A myHT Fortress

Thursday, April 2, 2009

Triduum: Tri-what?!!!

Triduum. What in the world is that?! Triduum is an ancient Latin word that the Church uses even today. It means, “three days,” and refers to the holy days of Maundy Thursday, Good Friday, and Holy Saturday.

So what’s the big deal? Why talk about them together. Each day has its own focus to remember and observe, right? Well, yes, but at the same time, it is wrapped up in the one event of Jesus’ suffering, death, and resurrection!

On Holy Thursday (also known as Maundy Thursday), we hear of Jesus’ Last Supper with the apostles. He gathers them in the Upper Room and institutes the Sacrament of the Altar. After this monumental event, He endures the agony in the Garden of Gethsemane.

On Good Friday, we hear of Jesus before Pilate, and the crucifixion itself. The Suffering Servant gives Himself as the Lamb of God, taking away the sin of the world. And after a few excruciating hours, the Sacred Head now wounded is laid in a tomb.

At the end of Holy Saturday, after the rest in the tomb, the Lord of Life bursts from the sepulcher! Death cannot hold Him; it has been crushed and defeated. So as we enter the darkness of Saturday night, we have the paradox of celebrating the Light of the World, risen on Sunday! This becomes the first celebration of the Resurrection for parishes all over the earth!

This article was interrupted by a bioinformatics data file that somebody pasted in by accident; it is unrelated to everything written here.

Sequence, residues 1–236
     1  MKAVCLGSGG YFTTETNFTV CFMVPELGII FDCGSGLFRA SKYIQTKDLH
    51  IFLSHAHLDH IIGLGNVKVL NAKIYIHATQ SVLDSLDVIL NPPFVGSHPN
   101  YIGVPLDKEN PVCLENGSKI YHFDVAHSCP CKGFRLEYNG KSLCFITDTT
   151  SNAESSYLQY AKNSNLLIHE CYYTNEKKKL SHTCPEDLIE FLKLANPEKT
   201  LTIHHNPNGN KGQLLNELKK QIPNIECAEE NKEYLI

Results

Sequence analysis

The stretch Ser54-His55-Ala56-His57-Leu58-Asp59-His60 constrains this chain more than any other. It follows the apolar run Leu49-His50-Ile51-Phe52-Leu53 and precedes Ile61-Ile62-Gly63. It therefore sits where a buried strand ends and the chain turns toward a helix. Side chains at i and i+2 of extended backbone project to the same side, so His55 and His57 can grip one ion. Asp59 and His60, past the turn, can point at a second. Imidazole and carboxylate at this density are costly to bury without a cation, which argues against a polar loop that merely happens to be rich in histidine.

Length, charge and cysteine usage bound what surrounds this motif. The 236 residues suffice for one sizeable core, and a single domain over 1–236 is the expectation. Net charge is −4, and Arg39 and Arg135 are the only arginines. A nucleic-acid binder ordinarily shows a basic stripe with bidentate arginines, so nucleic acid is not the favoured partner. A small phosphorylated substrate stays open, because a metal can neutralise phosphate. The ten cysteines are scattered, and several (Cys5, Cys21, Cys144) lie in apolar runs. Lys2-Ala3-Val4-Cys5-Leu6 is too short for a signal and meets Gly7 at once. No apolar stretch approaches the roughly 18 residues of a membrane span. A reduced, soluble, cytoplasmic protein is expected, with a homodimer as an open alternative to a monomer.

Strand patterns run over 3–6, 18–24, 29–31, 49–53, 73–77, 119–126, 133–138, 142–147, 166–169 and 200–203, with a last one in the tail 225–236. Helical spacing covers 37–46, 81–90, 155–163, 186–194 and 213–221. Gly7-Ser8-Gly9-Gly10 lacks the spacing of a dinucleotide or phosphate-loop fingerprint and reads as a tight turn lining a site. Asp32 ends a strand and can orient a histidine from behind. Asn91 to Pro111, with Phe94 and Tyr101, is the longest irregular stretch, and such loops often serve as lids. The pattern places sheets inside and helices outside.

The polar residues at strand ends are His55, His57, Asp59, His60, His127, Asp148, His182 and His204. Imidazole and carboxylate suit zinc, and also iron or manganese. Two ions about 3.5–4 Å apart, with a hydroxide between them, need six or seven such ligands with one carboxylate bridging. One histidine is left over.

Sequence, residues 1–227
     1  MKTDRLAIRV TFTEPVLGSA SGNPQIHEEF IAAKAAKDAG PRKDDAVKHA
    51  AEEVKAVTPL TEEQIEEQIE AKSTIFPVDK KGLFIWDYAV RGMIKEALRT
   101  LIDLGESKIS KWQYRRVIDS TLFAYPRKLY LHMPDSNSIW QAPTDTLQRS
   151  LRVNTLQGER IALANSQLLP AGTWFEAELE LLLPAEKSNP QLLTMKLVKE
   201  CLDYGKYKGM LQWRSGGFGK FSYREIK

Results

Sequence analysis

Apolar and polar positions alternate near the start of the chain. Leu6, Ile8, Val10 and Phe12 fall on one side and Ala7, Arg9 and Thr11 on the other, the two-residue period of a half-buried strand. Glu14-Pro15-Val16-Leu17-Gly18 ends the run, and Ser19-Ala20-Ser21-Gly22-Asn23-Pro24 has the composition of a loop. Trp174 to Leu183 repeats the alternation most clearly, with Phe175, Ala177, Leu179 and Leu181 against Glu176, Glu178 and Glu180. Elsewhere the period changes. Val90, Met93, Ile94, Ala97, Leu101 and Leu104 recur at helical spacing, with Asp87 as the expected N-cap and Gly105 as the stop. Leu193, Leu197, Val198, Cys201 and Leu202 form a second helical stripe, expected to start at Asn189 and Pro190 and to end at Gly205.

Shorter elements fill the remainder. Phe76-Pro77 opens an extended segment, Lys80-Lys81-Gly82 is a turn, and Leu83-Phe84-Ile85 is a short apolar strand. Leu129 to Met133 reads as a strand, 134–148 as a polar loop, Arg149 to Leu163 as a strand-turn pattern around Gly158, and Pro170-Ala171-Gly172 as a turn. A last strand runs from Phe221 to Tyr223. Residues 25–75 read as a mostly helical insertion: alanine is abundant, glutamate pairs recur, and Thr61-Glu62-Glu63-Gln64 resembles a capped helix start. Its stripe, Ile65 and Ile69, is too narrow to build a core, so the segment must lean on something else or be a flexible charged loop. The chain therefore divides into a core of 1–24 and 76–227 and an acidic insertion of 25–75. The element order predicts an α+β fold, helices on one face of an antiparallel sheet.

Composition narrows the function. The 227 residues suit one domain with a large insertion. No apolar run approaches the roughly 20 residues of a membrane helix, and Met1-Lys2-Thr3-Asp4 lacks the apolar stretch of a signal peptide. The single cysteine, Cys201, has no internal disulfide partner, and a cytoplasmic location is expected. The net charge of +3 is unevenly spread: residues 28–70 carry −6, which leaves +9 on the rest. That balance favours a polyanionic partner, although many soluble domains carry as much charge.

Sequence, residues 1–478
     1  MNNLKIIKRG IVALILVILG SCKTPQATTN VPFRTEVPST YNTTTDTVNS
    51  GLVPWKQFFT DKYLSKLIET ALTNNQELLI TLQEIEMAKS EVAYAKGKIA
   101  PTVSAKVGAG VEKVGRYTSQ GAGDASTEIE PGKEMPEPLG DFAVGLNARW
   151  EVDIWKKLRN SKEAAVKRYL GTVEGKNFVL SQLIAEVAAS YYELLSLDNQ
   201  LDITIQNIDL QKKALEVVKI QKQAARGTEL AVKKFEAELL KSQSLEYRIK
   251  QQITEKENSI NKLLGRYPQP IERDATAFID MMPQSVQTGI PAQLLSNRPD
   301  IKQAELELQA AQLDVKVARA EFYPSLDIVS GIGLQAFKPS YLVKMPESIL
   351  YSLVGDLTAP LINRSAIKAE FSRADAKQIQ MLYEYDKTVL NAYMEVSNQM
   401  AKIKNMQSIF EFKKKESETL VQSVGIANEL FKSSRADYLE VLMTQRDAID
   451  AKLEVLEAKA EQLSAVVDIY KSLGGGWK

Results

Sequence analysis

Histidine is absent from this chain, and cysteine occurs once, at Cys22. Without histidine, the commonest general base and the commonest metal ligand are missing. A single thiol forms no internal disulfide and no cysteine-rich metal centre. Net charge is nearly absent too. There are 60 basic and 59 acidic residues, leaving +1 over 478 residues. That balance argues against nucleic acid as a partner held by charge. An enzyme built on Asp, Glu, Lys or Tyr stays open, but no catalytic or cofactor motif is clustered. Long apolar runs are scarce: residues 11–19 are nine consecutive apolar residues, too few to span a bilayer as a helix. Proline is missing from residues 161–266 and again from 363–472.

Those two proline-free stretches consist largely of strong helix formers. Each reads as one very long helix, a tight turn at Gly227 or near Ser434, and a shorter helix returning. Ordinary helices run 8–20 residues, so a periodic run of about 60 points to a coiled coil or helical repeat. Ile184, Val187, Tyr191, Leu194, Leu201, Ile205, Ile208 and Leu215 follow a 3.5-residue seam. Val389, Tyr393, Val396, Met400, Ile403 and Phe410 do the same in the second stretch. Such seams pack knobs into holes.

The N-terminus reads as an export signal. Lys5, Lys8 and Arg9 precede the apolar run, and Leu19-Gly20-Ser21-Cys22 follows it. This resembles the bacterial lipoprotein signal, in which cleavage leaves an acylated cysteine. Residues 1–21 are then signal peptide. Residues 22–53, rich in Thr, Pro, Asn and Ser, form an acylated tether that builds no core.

But aren’t these things each separate events? Yes and no. Our minds are shaped by Western civilization – many of us with German backgrounds at that – so our thinking has been shaped by specific categories and order. Sometimes we even divide and categorize when we don’t need to.

The name Triduum reminds us that even when we have these separate events in Jesus saving work for us, they all come together in His amazing salvation! There can be no crucifixion without a resurrection. Nor can there be a resurrection without a crucifixion! There can be no Body and Blood of Christ in the Lord’s Supper without the Lamb of God sacrificed to take away the sins of the world. Yet the offering of His Body and Blood is the purpose of the cross all along!

It all works together. Even liturgically. On Thursday and Friday, there is no blessing at the conclusion of the services. On Friday and Saturday, there is no invocation at the beginning, since the beginning was in Thursday’s Divine Service. That is because the Church sees this as one service, recessing briefly for the night, and gathering again to continue.

The Church desires that all her children would come together and receive Christ’s Word and Sacraments at all of these times, experiencing them as one big event. That’s how the apostles saw it. That’s how Jesus experienced it. Dear baptized friends, join us as we gather for the great Three Days, celebrating and thanking God for the gift of salvation through Jesus Christ!

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